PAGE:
A “little April foolery” is a protest staged all over Edinburgh by local artists on the first of April. The protest is aimed at the controversial legislation, which will come into action on the first of the month. Many hundreds of artists are set to make the city centre their big stage as they fight against the country-wide legislation which will establish rules requiring that every artist has a license before they can stage free events.
Nearly 1500 people are expected to attend this event, either as performers or spectators.
Edinburgh Napier News interviewed Jen McGregor, the founder of the “A Little April Foolery” campaign.
“A little April Foolery” is a very different take on this popular day of pranks. Here are some interesting theories and facts suggesting how April Fool’s day may have originated and how it can be celebrated:
One theory shows April Fool’s Day dates back to the 12th Century Arabia.
A different theory says April Fool’s started with the introduction of the Gregorian calendar. Before, people celebrated the new year on the first of April. Hence, people still celebrating on that day were “April Fools”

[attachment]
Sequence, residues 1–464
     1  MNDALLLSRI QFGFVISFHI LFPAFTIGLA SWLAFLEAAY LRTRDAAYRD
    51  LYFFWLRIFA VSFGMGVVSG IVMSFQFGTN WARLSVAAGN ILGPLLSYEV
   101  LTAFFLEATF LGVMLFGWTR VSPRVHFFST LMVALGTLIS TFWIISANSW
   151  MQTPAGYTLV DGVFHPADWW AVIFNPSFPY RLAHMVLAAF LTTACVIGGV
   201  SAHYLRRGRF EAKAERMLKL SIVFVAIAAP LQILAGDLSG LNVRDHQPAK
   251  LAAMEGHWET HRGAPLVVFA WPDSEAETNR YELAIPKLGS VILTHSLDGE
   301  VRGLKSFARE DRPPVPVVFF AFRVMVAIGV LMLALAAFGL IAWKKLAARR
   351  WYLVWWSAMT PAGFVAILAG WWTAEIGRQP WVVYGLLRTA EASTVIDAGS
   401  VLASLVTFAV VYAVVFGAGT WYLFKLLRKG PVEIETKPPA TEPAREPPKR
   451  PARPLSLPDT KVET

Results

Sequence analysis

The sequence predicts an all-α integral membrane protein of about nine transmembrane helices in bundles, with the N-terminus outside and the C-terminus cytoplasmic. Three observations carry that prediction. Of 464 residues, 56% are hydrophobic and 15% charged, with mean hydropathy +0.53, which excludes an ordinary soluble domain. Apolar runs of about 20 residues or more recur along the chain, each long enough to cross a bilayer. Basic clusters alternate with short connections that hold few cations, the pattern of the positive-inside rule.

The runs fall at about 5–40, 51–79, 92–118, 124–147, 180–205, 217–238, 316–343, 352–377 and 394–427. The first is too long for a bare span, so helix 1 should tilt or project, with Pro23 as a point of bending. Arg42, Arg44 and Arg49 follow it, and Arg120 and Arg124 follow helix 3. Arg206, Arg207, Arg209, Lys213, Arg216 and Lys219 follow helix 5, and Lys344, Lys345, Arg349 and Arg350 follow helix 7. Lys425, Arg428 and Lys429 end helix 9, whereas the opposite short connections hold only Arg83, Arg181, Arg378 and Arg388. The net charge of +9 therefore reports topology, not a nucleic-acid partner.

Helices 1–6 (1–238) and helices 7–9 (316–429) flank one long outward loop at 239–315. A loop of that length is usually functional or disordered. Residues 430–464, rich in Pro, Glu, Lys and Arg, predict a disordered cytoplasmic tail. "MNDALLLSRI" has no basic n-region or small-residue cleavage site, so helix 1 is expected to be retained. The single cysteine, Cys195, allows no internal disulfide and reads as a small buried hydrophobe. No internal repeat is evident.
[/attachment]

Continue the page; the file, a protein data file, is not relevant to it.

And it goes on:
Here in Scotland we originally call this day “hunting the gowk” (the cuckoo), and if you are tricked, you are an “April gowk”. We love this basic celebration of Schadenfreude that much that we gave it a second day, called “Taily Day”. This day is solely devoted to pranks involving the backside of the body. The “butt” of these jokes may often have a “kick me” sign placed on their back.
In France it is immensely popular to prank someone using a dead fish. Throwing at or even slapping someone with it, putting it in someone’s bag, there are no limits. Just remember to shout “Poisson d’Avril!” (April Fish!) and hilarity ensues.
In Poland the day has a similar theme to France. The Polish love to prank people by pouring water on them.
Depending on where you live in England, you may also be called a “gobby” or a “noodle” if you find yourself on the receiving end of the prank.